Mounds of discarded batteries threaten Gaza health, environment

Power cells are an essential source of energy for the Palestinian enclave, where electricity supply is sparse and infrastructure has decayed

A Palestinian girl walks past a stack of discarded batteries slated for recycling in Khan Yunis in the southern Gaza Strip, on February 14, 2022. (SAID KHATIB / AFP)
A Palestinian girl walks past a stack of discarded batteries slated for recycling in Khan Yunis in the southern Gaza Strip, on February 14, 2022. (SAID KHATIB / AFP)

At a landfill in southern Gaza, mounds of discarded batteries pile up, rusting cells that pose a growing health risk to Palestinians in the enclave.

Batteries are an essential power source in Gaza, where public electricity supply is sparse and infrastructure has decayed since a joint Israeli-Egyptian blockade of the enclave began in 2007, the year the Islamist Hamas terror group seized control. Israel says the blockade is in place to prevent Hamas importing weapons to use against Israel

“The batteries have been piling up for 15 years,” said Ibrahim Baraka, who works at the 2,000-square-meter (half an acre) landfill in Khan Yunis, where residents of surrounding houses can peer in to see piles of lead and mercury waste accumulating daily.

Gaza, home to 2.3 million Palestinians, has only one power plant that runs on diesel. Fuel deliveries are unreliable, largely due to the blockade. The plant was also bombed by Israeli fighter jets during a 2006 conflict with Hamas.

Mohamed Masleh, director of resources at Gaza’s Environment Ministry, estimated that there are 25,000 tonnes of used batteries in Gaza that need to be recycled.

Most are at sites not suited for storing dangerous materials.

A dangerous ‘farce’

Battery collection is also a source of income for the impoverished territory, where unemployment rates hover around 50 percent.

A Palestinian man collects discarded batteries onto a donkey cart to resell for recycling in Khan Yunis in the southern Gaza Strip, on February 14, 2022. (SAID KHATIB / AFP)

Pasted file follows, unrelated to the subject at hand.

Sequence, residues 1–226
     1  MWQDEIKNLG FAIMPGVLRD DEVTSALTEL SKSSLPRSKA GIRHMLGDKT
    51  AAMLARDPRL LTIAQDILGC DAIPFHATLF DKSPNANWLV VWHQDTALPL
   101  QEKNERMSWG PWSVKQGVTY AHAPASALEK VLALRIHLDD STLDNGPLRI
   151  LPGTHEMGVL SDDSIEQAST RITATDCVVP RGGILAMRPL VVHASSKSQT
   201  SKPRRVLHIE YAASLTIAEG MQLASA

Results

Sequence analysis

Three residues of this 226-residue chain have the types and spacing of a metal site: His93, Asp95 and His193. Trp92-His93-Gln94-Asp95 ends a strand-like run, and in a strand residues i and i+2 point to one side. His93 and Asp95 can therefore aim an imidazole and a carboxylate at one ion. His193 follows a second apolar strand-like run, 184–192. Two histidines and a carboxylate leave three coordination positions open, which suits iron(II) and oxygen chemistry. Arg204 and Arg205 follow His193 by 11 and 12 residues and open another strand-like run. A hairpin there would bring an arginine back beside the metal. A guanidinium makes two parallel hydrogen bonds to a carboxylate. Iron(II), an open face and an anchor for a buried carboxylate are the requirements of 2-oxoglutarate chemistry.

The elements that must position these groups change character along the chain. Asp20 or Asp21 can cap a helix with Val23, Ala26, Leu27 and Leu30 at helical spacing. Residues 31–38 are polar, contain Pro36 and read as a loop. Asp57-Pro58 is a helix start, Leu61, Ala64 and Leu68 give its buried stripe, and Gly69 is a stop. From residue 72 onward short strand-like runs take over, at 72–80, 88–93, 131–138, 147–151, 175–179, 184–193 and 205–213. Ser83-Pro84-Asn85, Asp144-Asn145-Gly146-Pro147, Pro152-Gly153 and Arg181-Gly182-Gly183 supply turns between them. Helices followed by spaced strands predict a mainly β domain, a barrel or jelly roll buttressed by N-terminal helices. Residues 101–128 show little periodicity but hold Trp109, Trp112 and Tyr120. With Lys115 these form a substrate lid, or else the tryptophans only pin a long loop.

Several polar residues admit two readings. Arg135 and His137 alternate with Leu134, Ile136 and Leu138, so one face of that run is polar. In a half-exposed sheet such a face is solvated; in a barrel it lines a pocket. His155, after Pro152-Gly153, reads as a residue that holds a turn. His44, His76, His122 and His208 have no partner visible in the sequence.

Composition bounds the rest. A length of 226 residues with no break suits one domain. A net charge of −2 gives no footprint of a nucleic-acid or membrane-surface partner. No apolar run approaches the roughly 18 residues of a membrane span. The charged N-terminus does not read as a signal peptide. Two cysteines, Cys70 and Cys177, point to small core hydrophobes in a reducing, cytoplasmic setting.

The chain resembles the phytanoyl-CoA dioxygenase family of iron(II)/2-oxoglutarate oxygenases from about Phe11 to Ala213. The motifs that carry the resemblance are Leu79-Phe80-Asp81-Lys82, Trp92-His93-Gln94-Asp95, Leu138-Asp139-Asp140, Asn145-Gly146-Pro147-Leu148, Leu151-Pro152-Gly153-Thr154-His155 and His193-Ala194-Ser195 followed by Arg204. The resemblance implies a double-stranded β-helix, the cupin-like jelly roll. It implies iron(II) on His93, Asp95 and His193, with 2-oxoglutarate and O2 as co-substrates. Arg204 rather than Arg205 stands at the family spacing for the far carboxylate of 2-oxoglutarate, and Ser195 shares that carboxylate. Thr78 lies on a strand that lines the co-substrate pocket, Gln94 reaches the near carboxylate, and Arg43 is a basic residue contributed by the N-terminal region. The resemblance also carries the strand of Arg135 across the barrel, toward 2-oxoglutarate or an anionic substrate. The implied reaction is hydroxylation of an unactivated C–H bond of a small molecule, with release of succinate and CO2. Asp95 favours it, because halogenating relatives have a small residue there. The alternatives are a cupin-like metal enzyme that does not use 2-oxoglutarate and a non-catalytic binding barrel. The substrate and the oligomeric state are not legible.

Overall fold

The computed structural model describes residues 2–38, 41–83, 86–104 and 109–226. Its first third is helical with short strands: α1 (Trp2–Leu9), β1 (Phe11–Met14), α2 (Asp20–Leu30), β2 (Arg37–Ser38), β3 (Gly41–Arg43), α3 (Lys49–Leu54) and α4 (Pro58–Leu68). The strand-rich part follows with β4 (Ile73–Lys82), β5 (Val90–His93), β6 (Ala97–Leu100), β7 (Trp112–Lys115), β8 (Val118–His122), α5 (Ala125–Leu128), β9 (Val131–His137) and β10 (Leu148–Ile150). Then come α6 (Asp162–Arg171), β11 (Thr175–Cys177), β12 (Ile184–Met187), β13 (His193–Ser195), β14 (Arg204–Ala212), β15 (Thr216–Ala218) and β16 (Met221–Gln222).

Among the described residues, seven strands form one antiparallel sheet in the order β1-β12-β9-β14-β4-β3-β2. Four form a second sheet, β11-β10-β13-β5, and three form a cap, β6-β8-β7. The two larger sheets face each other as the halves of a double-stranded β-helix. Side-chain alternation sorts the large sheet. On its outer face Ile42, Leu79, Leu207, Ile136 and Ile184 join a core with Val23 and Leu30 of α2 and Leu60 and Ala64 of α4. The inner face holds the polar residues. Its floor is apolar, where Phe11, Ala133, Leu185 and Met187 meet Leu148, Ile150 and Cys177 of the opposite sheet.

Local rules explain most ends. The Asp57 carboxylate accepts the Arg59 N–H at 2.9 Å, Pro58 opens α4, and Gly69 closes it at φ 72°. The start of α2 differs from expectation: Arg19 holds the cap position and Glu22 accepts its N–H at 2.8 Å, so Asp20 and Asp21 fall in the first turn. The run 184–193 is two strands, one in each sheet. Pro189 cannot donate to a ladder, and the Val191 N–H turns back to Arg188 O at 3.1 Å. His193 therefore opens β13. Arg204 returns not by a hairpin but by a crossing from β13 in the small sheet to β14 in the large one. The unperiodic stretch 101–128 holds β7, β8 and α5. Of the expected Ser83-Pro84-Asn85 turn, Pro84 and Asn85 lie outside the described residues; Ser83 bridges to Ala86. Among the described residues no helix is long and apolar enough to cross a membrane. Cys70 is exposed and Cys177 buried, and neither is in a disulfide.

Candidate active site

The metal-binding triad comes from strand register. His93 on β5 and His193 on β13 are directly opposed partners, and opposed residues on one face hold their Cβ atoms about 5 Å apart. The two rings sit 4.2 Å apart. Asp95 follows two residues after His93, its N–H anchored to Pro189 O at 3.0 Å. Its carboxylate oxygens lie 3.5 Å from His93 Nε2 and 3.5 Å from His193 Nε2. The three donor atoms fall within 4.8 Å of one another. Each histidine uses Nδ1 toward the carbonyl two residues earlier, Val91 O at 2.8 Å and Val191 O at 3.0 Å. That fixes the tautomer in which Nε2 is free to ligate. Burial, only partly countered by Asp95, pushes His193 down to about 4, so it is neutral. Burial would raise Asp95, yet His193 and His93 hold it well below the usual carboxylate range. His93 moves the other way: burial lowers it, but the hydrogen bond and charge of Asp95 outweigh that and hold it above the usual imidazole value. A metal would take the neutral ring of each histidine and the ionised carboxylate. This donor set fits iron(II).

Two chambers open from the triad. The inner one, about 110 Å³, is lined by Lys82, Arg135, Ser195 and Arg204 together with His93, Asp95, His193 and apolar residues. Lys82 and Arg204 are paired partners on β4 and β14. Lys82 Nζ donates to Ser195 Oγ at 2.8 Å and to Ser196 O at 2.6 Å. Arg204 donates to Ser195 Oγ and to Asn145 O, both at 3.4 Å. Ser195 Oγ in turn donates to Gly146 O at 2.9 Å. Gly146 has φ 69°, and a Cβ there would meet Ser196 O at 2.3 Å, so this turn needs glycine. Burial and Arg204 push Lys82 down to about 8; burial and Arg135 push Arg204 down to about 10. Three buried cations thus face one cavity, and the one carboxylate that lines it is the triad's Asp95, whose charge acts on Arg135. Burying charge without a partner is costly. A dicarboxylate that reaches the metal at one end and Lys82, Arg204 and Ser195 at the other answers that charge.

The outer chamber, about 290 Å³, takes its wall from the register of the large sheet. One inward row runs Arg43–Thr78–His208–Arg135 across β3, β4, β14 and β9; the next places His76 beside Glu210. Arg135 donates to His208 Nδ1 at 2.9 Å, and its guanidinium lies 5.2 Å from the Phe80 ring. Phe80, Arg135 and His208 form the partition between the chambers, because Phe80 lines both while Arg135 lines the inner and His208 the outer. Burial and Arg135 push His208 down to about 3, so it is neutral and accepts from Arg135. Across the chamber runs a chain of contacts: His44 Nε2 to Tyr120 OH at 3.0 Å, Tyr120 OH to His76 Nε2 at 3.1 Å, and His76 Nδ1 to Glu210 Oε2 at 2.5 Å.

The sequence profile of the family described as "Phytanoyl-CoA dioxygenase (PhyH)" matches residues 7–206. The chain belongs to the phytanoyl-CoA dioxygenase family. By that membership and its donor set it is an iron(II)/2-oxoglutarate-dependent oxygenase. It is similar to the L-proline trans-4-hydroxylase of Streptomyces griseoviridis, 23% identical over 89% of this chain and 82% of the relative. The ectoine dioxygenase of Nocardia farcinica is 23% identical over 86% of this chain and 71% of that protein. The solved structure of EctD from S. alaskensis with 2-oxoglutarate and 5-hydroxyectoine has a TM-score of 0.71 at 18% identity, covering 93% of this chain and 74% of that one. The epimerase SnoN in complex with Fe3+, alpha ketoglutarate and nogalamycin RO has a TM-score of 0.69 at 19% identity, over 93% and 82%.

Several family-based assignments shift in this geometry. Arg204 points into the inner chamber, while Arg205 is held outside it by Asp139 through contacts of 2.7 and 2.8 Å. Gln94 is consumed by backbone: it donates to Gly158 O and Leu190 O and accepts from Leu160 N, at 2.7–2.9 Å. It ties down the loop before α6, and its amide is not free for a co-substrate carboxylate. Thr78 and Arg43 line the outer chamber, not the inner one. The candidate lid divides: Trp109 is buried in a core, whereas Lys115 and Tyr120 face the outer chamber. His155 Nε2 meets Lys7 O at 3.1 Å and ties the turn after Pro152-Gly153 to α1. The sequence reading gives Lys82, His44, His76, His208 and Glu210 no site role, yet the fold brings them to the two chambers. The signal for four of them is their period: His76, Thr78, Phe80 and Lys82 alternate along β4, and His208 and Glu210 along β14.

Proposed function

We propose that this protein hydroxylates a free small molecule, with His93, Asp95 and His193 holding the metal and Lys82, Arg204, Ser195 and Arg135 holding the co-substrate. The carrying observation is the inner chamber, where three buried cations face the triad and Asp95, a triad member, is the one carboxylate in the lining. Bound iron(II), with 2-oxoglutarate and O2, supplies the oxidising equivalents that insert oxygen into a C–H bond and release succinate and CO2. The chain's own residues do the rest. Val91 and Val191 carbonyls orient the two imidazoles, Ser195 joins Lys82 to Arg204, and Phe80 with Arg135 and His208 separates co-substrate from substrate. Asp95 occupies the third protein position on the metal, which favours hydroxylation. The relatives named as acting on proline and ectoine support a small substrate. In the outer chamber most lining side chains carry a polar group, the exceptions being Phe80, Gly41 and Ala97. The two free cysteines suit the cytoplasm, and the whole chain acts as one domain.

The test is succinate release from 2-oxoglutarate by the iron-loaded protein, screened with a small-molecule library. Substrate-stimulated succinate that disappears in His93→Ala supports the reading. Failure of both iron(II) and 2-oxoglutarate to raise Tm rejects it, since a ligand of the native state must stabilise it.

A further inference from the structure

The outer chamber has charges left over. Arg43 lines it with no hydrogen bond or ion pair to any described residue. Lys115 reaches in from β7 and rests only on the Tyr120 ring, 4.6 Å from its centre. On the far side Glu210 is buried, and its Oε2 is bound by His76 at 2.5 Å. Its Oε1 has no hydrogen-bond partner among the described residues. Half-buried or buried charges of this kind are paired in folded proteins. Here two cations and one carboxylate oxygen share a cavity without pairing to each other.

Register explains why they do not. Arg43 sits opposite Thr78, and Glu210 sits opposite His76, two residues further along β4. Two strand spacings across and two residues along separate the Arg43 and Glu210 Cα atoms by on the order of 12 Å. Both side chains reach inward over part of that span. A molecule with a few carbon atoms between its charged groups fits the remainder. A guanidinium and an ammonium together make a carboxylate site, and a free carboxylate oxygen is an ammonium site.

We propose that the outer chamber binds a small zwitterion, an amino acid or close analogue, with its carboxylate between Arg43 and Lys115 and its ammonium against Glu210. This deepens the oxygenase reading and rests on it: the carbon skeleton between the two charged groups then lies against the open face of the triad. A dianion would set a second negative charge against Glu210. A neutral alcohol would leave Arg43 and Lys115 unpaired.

On a crisp morning, Zakaria Abu Sultan meandered his horse-drawn cart through the streets of Gaza City, shouting his mission through a loudspeaker.

“Anyone with damaged batteries to sell?” he called out.

“I’ve been wandering since dawn to buy damaged batteries. I buy them at best for 50 shekels ($15), and sell them to the scrap dealer for 70 shekels,” he told AFP.

Typically, damaged cells are taken to landfills, like the one in Khan Yunis where Baraka works, which dismantle them for materials like plastic that are then sold to factories.

Ahmed Hillis, director of Gaza’s National Institute for Environment and Development, said that while he understood there was profit in discarded batteries, the trade was extremely dangerous.

“Tonnes of batteries are accumulating in dumps,” he said.

“Batteries are found among people and on animal carts, children are carrying them around,” he told AFP.

“Sometimes we find a father and son trying to open them up with a screwdriver. It is a farce and chaos,” he added.

Israel used to play a role in managing toxic materials from Gaza, but that stopped with the Hamas takeover in 2007.

Hamas is considered a terrorist organization by much of the West, and it has no direct contact with Israel.

A Palestinian man picks discarded batteries to resell for recycling, at a scrapyard in Khan Yunis in the southern Gaza Strip, on February 14, 2022. (SAID KHATIB / AFP)

Last month, the Israeli defense ministry body responsible for civil affairs in the Palestinian territories (COGAT) said that a second iron shredding machine had become operational at the Kerem Shalom crossing between Israel and Gaza.

The enhanced shredding capacity “will provide a significant increase in the export of iron scrap from the Gaza Strip,” COGAT said.

Baraka said that had raised hope for a solution to battery waste, with most agreeing the current situation is not sustainable.

Hillis, meanwhile, urged Hamas to establish clear rules on handling toxic substances.

He said battery waste was now being managed by people “who do not comply with any rules and have no experience in collecting hazardous materials.”

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